In the 1990 film "Awakenings", the main character Leonard awakens after suffering from a catatonic illness for 30 years.

There's a scene where Leonard watches a 747 landing in New York at JFK. This is considered to be an anachronism/continuity error in the film, as the film takes place in the summer of 1969 and the 747 didn't enter revenue service with Pan Am until early 1970.

However, I know that the prototype 747 first flew in late 1968, and my guess is that by the summer of 1969 several aircraft had been produced, and flight testing was ongoing.

My question is if there's any 'plausibly deniable' way Leonard, in the world of this "based on a true story" yet finally fictional movie, could have actually spotted a non-revenue service test flight 747 landing at JFK in the summer of 1969?

I'm more wondering along the lines of if I were transported back in time to the summer of 1969 and hung around JFK, did pre-revenue 747s ever land there? Or did all testing prior to its introduction with Pan Am occur in controlled environments where it wouldn't be observable by the public?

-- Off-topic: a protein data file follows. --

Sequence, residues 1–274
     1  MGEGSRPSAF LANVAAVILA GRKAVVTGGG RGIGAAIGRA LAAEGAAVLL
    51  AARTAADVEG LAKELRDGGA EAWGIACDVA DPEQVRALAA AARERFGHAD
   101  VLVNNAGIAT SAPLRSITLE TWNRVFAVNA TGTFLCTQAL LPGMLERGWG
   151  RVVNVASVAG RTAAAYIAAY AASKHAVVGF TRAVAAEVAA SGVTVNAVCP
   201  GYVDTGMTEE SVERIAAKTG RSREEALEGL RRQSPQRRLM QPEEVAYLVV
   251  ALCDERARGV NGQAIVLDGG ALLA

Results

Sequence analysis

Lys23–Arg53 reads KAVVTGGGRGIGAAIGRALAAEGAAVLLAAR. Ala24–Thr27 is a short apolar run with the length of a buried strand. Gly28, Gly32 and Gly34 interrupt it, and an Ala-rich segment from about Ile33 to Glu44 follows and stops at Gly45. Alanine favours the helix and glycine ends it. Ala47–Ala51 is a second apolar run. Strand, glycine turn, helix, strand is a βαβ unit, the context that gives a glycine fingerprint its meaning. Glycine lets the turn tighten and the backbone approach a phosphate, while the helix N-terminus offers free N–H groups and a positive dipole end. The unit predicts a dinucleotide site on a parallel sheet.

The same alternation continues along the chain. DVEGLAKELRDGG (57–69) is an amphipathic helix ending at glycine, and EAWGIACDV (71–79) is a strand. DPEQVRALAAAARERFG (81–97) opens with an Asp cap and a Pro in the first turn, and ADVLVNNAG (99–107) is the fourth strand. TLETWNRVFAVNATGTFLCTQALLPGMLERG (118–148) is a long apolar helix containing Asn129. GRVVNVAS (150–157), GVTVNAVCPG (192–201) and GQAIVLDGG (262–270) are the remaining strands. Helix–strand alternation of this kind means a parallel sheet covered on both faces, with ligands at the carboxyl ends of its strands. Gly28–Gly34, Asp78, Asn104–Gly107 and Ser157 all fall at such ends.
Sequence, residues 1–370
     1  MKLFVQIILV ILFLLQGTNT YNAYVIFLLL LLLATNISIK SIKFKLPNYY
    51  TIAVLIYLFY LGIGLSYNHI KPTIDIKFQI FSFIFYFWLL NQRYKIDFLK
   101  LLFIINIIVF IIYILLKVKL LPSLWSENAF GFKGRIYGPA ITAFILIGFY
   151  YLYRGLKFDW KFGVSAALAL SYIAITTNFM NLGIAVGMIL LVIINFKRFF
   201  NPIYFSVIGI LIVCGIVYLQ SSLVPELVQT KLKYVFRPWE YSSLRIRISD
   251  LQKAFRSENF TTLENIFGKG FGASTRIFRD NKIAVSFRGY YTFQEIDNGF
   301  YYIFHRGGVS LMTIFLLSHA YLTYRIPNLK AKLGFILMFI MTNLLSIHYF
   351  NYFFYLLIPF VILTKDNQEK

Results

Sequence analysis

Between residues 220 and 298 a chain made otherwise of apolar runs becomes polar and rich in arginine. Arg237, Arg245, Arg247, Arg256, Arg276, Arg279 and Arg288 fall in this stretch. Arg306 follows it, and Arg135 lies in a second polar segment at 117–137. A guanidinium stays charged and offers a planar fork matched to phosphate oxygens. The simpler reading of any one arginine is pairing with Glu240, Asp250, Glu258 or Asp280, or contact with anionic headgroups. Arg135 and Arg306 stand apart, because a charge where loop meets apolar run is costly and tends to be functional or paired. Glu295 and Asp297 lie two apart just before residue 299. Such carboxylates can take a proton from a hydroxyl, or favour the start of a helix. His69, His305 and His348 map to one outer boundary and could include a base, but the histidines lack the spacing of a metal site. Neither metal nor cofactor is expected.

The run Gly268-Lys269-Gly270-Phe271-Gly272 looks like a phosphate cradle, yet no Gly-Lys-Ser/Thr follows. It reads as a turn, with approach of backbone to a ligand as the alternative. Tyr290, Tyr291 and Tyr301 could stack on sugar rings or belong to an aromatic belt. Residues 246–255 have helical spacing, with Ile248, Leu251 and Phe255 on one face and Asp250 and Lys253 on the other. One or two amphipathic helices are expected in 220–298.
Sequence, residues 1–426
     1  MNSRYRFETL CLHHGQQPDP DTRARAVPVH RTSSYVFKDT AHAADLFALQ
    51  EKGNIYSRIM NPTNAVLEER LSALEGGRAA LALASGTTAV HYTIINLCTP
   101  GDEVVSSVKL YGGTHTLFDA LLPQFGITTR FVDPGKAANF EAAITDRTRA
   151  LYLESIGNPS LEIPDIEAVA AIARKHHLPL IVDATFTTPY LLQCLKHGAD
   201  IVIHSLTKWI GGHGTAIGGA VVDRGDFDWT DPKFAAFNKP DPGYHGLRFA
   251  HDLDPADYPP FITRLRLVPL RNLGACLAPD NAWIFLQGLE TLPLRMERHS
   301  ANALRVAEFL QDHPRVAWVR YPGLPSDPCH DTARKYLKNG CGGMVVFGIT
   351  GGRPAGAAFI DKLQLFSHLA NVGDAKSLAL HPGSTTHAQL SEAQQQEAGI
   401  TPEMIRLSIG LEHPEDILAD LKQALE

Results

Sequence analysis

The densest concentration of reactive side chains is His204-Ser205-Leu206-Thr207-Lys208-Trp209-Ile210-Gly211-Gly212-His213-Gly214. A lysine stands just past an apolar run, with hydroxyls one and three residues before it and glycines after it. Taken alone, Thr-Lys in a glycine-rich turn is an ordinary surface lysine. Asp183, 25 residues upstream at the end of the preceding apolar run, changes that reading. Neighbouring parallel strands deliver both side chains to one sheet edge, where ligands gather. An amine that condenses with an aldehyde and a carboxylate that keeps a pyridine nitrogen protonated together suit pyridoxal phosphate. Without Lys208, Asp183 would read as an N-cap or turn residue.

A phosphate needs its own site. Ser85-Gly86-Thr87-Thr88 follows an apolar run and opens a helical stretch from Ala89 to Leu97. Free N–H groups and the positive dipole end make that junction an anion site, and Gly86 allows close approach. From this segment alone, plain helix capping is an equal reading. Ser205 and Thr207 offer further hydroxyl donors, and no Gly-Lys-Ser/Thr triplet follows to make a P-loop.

1 Answer 1


Nope. It wasn't filmed during testing.

When Dr. Sayer takes Leonard out into the city for the first time, they see (among other things) an aircraft landing - a Boeing 747. The movie takes place in 1969 and the first revenue flight of the Boeing 747 was January 21st, 1970. Additionally, the 747 is in El Al livery that was used around 1990 (IMDb).

enter image description here
(airliners.net) Photo date: October 27, 1991.

Could the 747 have been filmed while landing at JFK in the summer of 1969?

It's plausible, because during the flight testing the 747 flew to Paris and it could have very well used JFK (runways were upgraded in the late 60s):

[Boeing took] a test aircraft to the 28th Paris Air Show in mid-1969, where it was displayed to the public for the first time (Wikipedia).


[JFK] was designed for aircraft up to 300,000-pound (140,000 kg) gross weight and had to be modified in the late 1960s to accommodate Boeing 747s (Wikipedia).


You must log in to answer this question.

Not the answer you're looking for? Browse other questions tagged .